As a kid there were few things better than running barefoot through the grass in the summer. While this was fun, is there a benefit to running barefoot now as a distance runner? Working in the athletic shoe industry, I have been closely following the recent trends in minimal footwear. While the Vibram 5 finger “shoes” were the first big hit in the minimal running category, many other companies have followed suit in search of the success the 5 fingers had. There are now upwards of 30+ different minimal running shoes from a number of different athletic shoe manufacturers.
I would like to take a minute to educate you on the difference between a typical running shoe and a barefoot or minimal shoe (If you are not already well versed). A tradition running shoe has a 12-16mm drop from the heel to the toe. In a minimal running shoe the drop is anywhere between 1-5mm depending on which shoe it is. I just learned in a meeting last night that the Vibram 5 finger is not a zero drop but instead has a 1mm drop from heel to toe. The purpose of having the minimal heal drop is to better resemble your barefoot as well as make it easier for the runner to naturally forefoot strike. The forefoot strike has been looked at as more favorable than a heel strike when running because it promotes forward movement and can have less impact on you kinetic chain (i.e ankle, knee and hip joints). The other main difference between a traditional running shoe and minimal footwear is the soft cushion in each one. A typical running shoe is padded pretty heavily with soft cushioning to absorb impact while running on the road. While some minimal shoes offer a small amount of cushioning most of these shoes are low profile and don’t have much cushioning at all.
Ok so now for the question you might be asking yourself; Should I be running barefoot or at least in minimal footwear? Just a quick disclaimer: I am not a doctor or a podiatrist, my knowledge of this subject comes from being a personal trainer, a competitive runner and working for a company who has one of the more successful minimal running shoes on the market right now. That being said, my answer to that question is maybe, sometimes. Ha, probably not the answer you were looking for but I don’t t believe that there is a definite yes or no answer to this question. I do know that the claims can sometimes be confusing. barefoot running or running in minimal foot wear is not going to cure your irritated knee, shin splints or inflamed achilles. While I do believe that occasionally running barefoot on softer surfaces can be beneficial, too often I see people that think running barefoot or switching to a minimal shoe will completely cure all of their running related ailments. This is most often not the case. Many times I will work with a larger runner (275+ pounds) who believes that his knee irritation is related to his foot wear. This is probably not true and brings me to another point. Bare foot running and minimal footwear is not desirable for a large runner. When we run on concrete the impact we take on one foot is 2.5x ones body weight. That means that for a 300 pound person, running bare foot the shock that their ankle, knee and hip joints are experiencing is equivalent to approximately 750 pounds. A runner like this needs a buffer between their foot and the road which will take some of the initial shock. “Yeah but Jon, isnt this how we were born to run? surely our ancestors didnt wear shoes when they were primitively hunting.” Yes,this is correct with a few exceptions.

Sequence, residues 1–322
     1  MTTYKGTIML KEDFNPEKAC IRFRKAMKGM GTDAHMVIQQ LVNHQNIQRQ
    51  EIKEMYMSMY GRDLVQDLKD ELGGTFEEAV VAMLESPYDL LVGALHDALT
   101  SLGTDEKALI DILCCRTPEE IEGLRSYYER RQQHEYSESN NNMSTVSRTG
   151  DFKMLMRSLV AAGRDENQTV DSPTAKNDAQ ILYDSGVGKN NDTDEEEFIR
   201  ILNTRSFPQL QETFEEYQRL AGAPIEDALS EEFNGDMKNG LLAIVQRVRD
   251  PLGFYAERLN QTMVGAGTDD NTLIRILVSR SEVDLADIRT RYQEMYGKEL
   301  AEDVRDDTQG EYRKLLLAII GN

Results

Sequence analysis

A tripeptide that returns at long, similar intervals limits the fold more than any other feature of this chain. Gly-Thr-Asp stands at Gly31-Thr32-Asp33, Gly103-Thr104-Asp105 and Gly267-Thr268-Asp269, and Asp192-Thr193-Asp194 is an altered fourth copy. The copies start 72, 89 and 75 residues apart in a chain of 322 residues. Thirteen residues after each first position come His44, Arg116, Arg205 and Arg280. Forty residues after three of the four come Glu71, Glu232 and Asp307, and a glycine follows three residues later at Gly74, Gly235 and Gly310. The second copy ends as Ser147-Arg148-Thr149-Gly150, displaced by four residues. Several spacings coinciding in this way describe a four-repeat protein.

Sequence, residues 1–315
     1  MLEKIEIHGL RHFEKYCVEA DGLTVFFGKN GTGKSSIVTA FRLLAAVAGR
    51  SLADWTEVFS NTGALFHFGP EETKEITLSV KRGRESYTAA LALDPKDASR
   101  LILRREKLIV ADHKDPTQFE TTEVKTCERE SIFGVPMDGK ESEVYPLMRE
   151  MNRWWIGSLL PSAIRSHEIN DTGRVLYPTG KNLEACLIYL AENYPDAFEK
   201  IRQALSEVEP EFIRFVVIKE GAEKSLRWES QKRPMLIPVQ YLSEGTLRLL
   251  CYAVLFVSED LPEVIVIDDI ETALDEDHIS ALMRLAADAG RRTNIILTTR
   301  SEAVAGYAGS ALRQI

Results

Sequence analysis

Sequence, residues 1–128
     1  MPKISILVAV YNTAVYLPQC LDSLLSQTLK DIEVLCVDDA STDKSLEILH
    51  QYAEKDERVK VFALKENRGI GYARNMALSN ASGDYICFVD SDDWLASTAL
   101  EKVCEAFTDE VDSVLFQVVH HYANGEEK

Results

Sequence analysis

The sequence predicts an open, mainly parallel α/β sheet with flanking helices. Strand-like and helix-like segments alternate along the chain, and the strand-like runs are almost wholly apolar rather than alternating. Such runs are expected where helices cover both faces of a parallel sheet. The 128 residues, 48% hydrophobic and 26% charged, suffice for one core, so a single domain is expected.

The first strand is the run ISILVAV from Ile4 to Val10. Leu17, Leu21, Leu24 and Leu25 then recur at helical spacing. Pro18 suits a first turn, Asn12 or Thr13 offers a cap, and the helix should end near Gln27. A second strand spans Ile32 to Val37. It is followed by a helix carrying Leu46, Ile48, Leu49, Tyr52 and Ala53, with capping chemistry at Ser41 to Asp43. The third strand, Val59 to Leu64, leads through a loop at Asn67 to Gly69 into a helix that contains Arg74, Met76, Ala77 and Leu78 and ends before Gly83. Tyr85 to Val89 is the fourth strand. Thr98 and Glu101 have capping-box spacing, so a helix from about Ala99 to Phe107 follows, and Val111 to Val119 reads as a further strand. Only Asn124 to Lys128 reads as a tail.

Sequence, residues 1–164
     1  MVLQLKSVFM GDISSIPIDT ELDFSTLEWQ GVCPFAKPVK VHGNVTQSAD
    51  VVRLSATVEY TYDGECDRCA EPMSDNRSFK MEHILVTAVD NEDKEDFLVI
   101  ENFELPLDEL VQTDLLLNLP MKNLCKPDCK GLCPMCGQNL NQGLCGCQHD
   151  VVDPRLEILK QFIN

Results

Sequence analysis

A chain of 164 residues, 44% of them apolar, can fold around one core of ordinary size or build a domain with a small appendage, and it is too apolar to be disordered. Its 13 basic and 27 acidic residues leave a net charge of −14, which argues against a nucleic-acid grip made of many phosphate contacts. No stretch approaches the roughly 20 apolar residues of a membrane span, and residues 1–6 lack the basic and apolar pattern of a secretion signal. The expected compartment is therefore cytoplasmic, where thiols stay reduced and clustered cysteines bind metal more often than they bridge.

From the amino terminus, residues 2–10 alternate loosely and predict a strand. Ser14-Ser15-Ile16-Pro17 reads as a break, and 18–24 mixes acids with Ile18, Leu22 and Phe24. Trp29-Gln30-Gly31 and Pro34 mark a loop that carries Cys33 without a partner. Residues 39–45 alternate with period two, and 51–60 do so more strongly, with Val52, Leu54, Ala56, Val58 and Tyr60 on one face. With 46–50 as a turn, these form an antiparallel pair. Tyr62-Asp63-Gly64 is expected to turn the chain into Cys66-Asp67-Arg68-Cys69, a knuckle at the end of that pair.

1. 10,000+ years ago years ago there was no such thing as concrete. Yes I’m talking to you, guy who does road races barefoot because he’s looking for a more natural experience.
2. After our ancestors were done running down whatever animal it is that they had just ran down, the meat would last over a week. Therefore for a few days of running there was almost double the amount of rest.
So When should you be running barefoot? As I said above, I do believe that one can benefit from a SMALL amount of barefoot running. I think that running barefoot does make you more aware of your stride and your initial striking point on your foot. Again, a mid-foot strike has been looked at more favorable to its heel striking counter part. I agree that it does promote forward motion and can potentially put less stress on ankle, knee and hip joints. I ALWAYS recommend running barefoot on a soft surface, preferably grass or a very forgiving trail. The purpose of these short (10-15 minute runs, 1-2 times) per week will simply make you more aware of your running mechanics. “What if I already Have a minimal shoe?”. If you have bought a minimal shoe and plan to run in the shoe, I strongly suggest you do about 30-45% of your running in it. Especially if you are running any more than 30 miles a week and EXTRA especially if you are doing any running at all on concrete. Start of slow and progress even slower.
So if for some reason you are still reading, the main Idea I want to emphasise is… Don’t buy into all the hype the minimal running shoe. While I do think there are benefits of SMALL amounts of barefoot running I would not recommend anyone running more than 25 miles a week barefoot or in minimal footwear. Hopefully this helped. Train Safe and stay injury free.
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